Actually you might find it does effect everybody because these collective agreements were benchmarks for the rest of the country. What will happen is more downward spiral as the economy taks and employers will push for lower wages just to try to keep up with the global collapsing economy caused by money printing and resources getting more expensive.

    • Rick Rowling 4.4

      Rough calculation via http://www.rbnz.govt.nz/statistics/0135595.html the $3 prescription charge when introduced 20 years ago was $4.71 in today’s money.

      • McFlock 4.4.1

        Big deal – how much were they thirty years ago? And how high were benefits?

    • Kevin Welsh 4.5

      Just another assault on the working poor and beneficiaries of this country.

      • grumpy 4.5.1

        Look on the bright side – they only need to cut back smoking by a maximum of one ciggie a week to break even…………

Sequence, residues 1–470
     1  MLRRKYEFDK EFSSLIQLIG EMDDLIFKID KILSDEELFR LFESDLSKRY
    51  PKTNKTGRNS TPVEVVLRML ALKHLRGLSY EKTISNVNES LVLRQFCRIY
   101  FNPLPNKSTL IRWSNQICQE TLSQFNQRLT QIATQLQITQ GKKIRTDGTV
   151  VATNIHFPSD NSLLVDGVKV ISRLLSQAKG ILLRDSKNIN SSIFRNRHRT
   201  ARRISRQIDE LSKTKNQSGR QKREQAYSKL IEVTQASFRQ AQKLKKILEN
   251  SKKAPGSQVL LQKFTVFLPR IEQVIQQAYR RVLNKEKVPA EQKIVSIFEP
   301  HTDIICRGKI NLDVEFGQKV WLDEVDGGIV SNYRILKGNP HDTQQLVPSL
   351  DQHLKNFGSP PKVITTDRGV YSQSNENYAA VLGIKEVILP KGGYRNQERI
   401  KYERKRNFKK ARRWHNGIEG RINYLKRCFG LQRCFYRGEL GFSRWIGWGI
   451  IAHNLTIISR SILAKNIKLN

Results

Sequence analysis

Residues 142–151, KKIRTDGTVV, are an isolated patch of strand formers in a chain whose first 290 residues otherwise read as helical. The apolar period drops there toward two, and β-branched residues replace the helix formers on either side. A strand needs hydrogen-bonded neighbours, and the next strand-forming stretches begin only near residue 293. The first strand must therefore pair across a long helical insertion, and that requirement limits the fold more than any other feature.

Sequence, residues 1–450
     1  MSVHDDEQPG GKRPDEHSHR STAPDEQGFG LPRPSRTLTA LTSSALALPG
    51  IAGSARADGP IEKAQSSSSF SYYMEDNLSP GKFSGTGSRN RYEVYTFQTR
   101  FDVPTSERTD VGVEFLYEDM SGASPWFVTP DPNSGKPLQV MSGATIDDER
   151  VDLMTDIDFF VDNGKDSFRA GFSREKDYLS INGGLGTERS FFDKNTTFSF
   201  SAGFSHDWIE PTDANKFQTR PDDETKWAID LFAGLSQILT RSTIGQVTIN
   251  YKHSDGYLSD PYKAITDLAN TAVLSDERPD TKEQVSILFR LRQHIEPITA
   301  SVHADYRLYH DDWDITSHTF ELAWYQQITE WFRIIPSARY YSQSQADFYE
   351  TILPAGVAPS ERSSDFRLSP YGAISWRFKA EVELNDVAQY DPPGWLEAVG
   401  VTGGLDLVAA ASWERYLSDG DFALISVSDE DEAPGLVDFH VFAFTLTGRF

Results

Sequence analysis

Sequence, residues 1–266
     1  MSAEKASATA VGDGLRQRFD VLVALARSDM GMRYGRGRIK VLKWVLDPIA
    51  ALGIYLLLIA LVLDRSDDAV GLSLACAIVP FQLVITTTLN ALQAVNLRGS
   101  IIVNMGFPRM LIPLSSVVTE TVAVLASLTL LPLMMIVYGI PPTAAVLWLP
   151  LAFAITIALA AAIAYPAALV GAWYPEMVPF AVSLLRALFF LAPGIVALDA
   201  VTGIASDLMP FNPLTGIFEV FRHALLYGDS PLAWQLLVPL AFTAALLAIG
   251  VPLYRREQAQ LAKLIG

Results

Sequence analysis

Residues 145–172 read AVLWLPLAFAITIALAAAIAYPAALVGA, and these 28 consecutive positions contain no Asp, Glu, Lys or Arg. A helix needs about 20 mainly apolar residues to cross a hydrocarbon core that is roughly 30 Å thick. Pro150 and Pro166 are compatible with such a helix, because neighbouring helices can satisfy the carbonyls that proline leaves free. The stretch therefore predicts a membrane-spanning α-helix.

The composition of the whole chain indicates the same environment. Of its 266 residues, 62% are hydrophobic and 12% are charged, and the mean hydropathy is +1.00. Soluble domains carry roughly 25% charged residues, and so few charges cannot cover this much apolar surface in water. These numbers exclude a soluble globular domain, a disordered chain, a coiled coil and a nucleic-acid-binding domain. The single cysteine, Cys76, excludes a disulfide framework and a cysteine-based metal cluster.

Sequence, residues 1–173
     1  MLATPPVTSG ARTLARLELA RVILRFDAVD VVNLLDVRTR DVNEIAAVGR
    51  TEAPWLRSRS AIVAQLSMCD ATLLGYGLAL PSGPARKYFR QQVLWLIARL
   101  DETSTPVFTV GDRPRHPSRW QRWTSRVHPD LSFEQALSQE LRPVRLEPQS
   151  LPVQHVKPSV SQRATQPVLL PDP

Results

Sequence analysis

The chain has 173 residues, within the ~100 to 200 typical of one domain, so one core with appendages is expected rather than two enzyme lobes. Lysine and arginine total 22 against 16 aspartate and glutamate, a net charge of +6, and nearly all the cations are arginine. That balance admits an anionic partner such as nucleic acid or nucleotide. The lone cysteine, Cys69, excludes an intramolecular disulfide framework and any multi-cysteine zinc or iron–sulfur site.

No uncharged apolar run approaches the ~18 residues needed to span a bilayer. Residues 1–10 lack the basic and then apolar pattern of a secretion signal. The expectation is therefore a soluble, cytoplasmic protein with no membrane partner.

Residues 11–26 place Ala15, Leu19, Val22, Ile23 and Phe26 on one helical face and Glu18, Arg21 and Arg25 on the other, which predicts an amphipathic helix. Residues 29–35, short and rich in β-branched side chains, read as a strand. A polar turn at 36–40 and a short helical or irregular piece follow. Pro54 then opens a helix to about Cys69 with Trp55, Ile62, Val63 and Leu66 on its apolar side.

• McFlock

          And what about the majority of working poor and beneficiaries?

          Ah screw it – I’m on holiday for a week or two, so will be intermittent web access. Feel free to be as fucking moronic and bigoted as you want. 

  4. The IMF is being warned by an internal report that there could be a permanent doubling of oil prices in the coming decade with profound implications for global trade.

    “This is uncharted territory for the world economy, which has never experienced such prices for more than a few months,” the report warns.

    In further bad news for the world the IEA believe that a period of declining demand triggered by the global economy’s slowdown is over and the upward trajectory in prices has resumed.

    The world is no longer going to grow itself out of the economic problems it faces.

    More details are at http://www.guardian.co.uk/business/2012/may/13/oil-price-doubling-decade-imf

    • vto 5.1

      I’m curious mr micky, who directs / controls / runs the IMF?

      Just looking for conflicts ….

      • Draco T Bastard 5.1.1

        IIRC, it works on a share basis, the more shares the more influence, the US holds the most shares.

    • Jim Nald 5.2

      “Uncharted territory” indeed.